This may not mean much to the average reader, but for us this is a huge factor. Not only are we at Clonehenge among those who are required for health reasons to eat gluten-free foods only, but it is a little-known fact that the original Stonehenge on Salisbury Plain IS IN FACT GLUTEN-FREE!!! Well caught, Lady S. J. Sarrel!

Scores? We give the Syndicate henge 7 ½ druids and Ms. Sarrel’s brownie henge a solid 7. We figure we don’t want to run afoul of any syndicate out of Chicago!

Well, it looks like we’ve just about run out of words that are developed enough to pick. We’ll have to let the fields grow a bit before we can post again. Here’s hoping the aliens don’t come by and ruin things with crop circles!

If you’re still hungry for cakehenges, find more here. And until next time, happy henging!

P.S.: What the hell is fondant, anyway? Yes, we know we could google it but the truth is we’re far too lazy. Oops.

Jellyhenge: Why Shouldn’t Stonehenge Be Red, Transparent, and Edible?!

photo by Dan French, used with permission (at least until he reads this)

This henge was presented to us by Dan French. We assume he or someone he knows created it, but who knows? The man does not seem to be trustworthy. For one thing, he gives his name as Dan French, but–get this–he IS NOT ACTUALLY FRENCH!!!1!! Like we wouldn’t notice that!

Also, he is a Bruce Springsteen fan. From Baldock, Hertfordshire. Does that seem right to you? Baldock, we happen to know (because we just read it on Wikipedia) was founded by THE KNIGHTS TEMPLAR!!!!1!(one)! and was the site of a leper colony in medieval times. How are lepers and the Knights Templar connected with Bruce Springsteen? And jelly? (We will again take up the topic of Baldock in a future post!)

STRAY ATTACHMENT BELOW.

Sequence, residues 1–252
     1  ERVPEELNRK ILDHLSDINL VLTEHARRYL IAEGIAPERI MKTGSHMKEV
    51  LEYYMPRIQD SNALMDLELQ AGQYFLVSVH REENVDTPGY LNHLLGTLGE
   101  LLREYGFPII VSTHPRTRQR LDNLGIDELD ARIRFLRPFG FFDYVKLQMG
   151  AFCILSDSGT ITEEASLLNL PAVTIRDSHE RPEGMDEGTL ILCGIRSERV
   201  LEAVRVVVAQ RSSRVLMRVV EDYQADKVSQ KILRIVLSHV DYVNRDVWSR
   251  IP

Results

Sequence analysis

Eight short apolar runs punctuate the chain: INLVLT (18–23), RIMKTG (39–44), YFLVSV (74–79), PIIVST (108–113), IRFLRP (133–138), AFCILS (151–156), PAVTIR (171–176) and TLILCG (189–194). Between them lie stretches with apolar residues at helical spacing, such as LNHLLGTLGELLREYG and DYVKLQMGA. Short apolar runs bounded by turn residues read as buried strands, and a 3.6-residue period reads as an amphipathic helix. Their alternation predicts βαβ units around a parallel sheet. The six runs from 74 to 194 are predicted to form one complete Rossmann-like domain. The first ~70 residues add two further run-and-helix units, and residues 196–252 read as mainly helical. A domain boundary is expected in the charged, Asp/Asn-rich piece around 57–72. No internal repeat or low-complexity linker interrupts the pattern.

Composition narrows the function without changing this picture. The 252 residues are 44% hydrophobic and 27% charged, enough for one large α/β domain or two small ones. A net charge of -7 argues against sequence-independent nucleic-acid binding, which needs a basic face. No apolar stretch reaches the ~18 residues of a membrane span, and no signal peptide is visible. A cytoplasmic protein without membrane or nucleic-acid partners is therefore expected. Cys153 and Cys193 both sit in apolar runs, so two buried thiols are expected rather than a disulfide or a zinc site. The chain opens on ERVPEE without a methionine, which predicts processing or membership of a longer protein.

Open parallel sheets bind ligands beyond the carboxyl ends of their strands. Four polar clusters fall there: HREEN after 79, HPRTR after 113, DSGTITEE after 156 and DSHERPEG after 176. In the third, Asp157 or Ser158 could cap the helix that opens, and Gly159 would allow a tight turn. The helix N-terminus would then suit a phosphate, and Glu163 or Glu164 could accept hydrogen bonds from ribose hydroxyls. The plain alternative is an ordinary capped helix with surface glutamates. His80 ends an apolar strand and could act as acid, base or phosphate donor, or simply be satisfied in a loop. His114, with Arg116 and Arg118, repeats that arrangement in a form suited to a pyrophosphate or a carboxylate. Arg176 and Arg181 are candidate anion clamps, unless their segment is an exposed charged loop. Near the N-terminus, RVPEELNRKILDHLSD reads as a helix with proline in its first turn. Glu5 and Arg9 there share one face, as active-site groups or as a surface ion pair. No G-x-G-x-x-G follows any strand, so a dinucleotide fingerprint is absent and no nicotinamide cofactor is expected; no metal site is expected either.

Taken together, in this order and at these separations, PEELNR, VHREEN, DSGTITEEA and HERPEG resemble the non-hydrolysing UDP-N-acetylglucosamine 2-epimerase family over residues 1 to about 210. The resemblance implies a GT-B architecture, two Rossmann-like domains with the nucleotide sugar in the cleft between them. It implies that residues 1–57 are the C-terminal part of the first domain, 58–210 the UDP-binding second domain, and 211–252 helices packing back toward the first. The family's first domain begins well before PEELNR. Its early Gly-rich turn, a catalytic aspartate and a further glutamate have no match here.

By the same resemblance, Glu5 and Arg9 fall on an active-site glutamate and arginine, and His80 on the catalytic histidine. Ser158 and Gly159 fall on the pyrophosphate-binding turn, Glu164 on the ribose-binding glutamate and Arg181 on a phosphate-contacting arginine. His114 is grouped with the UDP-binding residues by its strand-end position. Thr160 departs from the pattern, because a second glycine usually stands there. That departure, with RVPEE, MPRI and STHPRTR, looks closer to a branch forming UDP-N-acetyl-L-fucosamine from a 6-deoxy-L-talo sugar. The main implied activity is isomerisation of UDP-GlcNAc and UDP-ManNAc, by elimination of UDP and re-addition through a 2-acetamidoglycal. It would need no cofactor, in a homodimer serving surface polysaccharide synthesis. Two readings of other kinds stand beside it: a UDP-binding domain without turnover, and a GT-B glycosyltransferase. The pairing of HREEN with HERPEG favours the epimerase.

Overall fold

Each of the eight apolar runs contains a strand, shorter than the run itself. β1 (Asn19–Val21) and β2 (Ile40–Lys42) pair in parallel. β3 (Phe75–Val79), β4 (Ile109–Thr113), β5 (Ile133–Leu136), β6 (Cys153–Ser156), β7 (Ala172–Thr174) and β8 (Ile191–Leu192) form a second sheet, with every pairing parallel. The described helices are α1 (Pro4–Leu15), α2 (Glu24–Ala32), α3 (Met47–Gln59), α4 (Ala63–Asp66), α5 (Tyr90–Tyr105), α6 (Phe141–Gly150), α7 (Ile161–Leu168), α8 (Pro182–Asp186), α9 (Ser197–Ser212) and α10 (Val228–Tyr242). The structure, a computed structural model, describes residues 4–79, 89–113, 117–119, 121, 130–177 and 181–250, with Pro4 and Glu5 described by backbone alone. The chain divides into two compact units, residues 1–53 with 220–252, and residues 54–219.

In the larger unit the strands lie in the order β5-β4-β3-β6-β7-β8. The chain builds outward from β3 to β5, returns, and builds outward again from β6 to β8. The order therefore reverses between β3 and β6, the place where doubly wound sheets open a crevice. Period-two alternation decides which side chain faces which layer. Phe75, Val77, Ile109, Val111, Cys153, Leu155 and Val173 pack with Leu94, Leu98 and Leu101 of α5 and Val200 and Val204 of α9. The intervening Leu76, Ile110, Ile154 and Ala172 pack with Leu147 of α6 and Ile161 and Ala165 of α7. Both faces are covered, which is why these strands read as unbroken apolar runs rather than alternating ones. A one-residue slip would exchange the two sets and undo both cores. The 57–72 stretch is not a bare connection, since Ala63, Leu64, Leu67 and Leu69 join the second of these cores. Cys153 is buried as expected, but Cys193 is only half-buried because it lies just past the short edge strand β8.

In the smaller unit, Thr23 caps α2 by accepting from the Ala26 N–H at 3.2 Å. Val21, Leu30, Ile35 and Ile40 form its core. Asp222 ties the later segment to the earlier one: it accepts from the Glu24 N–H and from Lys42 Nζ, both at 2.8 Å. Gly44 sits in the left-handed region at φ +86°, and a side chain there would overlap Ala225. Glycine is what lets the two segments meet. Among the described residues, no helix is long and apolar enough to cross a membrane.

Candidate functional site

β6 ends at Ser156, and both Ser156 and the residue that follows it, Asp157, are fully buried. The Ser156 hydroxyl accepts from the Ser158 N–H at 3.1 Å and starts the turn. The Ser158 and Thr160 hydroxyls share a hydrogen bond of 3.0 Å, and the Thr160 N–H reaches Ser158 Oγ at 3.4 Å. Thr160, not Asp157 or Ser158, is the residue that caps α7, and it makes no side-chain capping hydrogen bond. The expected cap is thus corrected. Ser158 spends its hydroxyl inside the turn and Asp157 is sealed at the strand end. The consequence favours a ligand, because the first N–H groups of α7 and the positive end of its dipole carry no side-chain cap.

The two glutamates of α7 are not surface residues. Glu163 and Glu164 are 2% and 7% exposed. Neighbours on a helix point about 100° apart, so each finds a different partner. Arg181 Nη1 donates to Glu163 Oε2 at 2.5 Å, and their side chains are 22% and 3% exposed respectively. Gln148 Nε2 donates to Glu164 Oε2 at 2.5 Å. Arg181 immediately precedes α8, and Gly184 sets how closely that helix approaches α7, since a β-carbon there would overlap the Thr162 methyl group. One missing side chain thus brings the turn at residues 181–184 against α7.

Whew! There. Two solid informational paragraphs–and at first we were afraid we wouldn’t be able to write anything thoughtful about this henge. Pshaw. This is why we are the best Stonehenge replica blog going!

Which reminds us, what about the Stonehenge replica? We do love our Gentle Readers but they constantly work to get us off topic, as if we were an eccentric secondary school physics teacher. What we have here, Class, appears to be four outer trilithons and two inner trilithons. A little short of the real thing, but we have to take into account the superior materials. This is the henge the ancients wanted to build, but they didn’t have the advantage of modern gelatin technology.

Mr. “French” (Lestat?) claims the outer trilithons are raspberry and the inner are blueberry, cleverly giving a nod to the bluestones. But we all know how dependable he is. This could well be the ultimate blood sacrifice henge, with the blood incorporated directly into the megaliths!!

Not to get off the subject (heh), but have you seen this srsly awesome slow motion video of jelly (or Jello or Jell-O) cubes being dropped onto a hard surface? We do not use or advocate drugs, but if you are already smoked up or tripping, you will have a distinct advantage in enjoying this. And for the jelly-shot types, did you know that if you make them with Bacardi 151, they are so strong that they can kill you, but they can also be lit on fire?! DO NOT try this at home, especially if you have a couple of them first, even though that IS when you’re likely to be tempted!

What’s that you say? Henge? Oh, right. Let us address the score. The stone shapes are not right. There is no continuous linteling on the outer circle. The inner trilithons are not higher than the outer and there aren’t enough of them. No outliers or altar stone, no Aubrey holes… The list goes on and on.  But–it IS clear and wobbly. Think of the sunrise shining through this one, people! Think of the rare lichens. (?) We have carelessly given decent scores to much worse replicas than this.